Sara Bayles always loved the beach, although she grew up in non-beach areas on the East Coast. She moved to California six years ago, married a man who taught marine biology at SMC, and moved with him to Santa Monica. That gave her many chances to go to the beach, but it also made her aware of the immense amount of trash that has been drifting into the ocean.
“I used to teach on Saturdays –I’m a ceramics artist—and I could never make the organized beach cleanups that Surfrider would usually host,” says Bayles.
“One day I just drove down Ocean Park Boulevard, took a bag, and decided to do my own beach cleanup.”
Bayles gives all due respect to Surfrider and Heal the Bay for their organized cleanups, but she felt that her personal concern for what she was seeing on the beach led her to take personal action. She went out, not every day but whenever she could, taking a bag and collecting and photo-documenting what she found. That led to the creation of her blog, The Daily Ocean thedailyocean.blogspot.com.
On her blog, Bayles records the actions she takes on each day of her collection of refuse. She notes the accumulated tally (480 pounds in 120 days) and the daily tally (Day 120-May 10-trash collected for 20 minutes, 3.3 pounds).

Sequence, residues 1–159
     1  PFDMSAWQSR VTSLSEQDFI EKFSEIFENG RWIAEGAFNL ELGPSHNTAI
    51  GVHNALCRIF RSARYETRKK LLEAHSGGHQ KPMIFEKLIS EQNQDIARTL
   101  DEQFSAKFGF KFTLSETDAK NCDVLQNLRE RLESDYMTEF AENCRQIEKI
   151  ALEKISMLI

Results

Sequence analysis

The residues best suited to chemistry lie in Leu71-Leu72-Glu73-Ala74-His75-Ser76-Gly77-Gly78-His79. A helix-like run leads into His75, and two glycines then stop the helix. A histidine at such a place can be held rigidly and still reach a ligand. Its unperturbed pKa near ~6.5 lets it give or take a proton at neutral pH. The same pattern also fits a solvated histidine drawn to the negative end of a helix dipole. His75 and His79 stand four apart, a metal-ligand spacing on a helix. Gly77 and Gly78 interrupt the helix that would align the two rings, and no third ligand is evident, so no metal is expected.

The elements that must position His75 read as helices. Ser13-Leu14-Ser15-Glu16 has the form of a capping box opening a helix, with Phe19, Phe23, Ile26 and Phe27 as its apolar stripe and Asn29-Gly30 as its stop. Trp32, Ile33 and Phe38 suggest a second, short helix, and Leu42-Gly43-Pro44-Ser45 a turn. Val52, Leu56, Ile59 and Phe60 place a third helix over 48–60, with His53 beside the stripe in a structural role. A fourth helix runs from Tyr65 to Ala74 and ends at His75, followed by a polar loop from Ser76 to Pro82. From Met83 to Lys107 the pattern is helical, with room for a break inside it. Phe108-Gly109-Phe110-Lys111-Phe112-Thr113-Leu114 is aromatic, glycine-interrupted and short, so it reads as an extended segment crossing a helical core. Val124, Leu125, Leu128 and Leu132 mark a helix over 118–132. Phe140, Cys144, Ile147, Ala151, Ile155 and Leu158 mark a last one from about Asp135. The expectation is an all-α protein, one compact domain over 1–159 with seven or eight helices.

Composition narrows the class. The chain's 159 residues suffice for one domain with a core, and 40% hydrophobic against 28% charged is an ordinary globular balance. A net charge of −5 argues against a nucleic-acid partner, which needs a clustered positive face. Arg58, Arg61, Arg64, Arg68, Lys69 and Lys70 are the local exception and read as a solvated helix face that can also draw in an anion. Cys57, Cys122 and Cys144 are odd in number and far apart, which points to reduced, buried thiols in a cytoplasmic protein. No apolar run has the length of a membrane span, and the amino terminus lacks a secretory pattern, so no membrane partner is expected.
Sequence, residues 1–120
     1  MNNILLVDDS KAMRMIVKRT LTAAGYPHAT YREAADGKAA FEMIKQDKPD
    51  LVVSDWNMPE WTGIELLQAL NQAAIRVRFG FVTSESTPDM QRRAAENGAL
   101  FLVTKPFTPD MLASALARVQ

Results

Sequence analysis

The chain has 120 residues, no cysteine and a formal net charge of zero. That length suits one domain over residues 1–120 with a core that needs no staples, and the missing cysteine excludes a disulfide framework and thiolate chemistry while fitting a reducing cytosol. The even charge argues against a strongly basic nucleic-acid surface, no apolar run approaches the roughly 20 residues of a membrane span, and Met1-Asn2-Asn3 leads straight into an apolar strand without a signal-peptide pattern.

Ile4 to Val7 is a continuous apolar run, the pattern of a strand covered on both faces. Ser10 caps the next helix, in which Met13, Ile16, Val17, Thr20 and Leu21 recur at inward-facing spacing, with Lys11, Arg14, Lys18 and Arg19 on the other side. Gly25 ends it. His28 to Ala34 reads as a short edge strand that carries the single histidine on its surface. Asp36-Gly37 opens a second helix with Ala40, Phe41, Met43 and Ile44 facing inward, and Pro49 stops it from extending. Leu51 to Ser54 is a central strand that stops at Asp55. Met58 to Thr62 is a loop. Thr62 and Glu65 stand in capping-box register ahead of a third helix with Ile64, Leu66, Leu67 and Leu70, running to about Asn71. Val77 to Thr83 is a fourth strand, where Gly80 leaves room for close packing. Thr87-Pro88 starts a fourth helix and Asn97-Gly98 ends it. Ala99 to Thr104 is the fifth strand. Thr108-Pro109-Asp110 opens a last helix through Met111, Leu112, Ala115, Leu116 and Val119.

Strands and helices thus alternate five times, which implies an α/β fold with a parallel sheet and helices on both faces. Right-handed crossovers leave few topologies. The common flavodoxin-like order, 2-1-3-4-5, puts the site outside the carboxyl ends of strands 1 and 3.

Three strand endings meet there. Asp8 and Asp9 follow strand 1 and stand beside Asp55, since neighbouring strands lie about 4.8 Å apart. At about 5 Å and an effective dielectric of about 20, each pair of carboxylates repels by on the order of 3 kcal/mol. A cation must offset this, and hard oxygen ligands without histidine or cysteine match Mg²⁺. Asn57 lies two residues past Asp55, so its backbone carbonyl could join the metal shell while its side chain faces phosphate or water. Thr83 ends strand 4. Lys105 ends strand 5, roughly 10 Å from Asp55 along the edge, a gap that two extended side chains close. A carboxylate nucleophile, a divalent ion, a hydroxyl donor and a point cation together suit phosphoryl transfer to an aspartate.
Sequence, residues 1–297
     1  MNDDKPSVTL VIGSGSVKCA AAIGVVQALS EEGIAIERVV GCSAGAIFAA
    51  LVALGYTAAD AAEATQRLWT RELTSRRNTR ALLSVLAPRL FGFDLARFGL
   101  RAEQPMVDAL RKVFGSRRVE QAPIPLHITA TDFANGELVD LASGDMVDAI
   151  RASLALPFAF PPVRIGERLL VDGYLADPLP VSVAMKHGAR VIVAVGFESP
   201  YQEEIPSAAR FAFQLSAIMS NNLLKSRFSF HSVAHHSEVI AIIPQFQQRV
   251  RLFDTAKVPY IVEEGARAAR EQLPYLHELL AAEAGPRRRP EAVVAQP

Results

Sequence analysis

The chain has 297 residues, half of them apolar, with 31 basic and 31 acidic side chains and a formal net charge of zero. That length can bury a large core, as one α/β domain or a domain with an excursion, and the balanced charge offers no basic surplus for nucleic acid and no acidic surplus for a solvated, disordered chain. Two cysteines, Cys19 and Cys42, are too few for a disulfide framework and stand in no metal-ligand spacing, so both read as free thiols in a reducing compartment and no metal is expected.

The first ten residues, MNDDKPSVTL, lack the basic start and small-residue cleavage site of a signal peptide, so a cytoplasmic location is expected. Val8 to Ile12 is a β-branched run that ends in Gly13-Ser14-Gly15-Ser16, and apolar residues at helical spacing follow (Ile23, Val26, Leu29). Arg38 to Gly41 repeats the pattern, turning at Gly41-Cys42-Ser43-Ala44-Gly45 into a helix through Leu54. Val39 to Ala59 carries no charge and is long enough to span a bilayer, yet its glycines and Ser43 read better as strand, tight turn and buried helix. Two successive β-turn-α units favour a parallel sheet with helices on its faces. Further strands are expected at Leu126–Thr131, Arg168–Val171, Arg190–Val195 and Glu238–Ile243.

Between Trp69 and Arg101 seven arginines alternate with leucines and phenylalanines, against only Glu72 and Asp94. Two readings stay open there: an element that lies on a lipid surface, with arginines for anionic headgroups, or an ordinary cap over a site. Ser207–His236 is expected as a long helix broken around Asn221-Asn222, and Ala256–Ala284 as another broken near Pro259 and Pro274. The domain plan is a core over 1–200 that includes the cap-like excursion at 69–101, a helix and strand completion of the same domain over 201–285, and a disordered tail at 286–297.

For each collecting stint, Bayles goes to the same place (the foot of Ocean Park Boulevard, near Lifeguard Tower 26) and occasionally walks down the beach to Tower 28, picking up trash in 20 minute-shifts.
She does not work consecutive days (“It’s not a race,”) due to her schedule and the weather. On average she works three to four days a week and is looking to tallying 365 days of collection.
Bayles credits her husband for giving her the idea to chronicle her trash pickup-he pointed out that people might want to know what she was finding. “[The blog] gives me an excellent platform to talk about the fact that we are trashing our oceans.”
Much of what Bayles has found is plastic—bottles, bags, and other items “made to last forever but used for a minute.”
“Beach cleanups are not necessarily the answer,” she notes in regard to the “gyres” of plastic waste that exist in the Pacific and Atlantic Oceans. “It has to stop on the land.
“By taking pictures of what I find, people will go: ’Wait I used that-and I threw that away. Next time, when I go to the beach, I‘m going to try to pick up my water bottle.’ ”
Now Bayles has been nominated for an award as an “Ocean Hero,” by ocean conservation society Oceana.
The nomination came about when a friend of Bayles learned of the Oceana search for nominees, the criteria being “an everyday person who is helping to save the ocean.” With the help of votes from friends and environmental activists, Bayles is now one of six adult finalists for the award, which will be given on June 8, Oceans Day in California. Voting closes May 27.
To vote, go to www.oceana.org, take the pledge and vote for one of six adult and five youth finalists.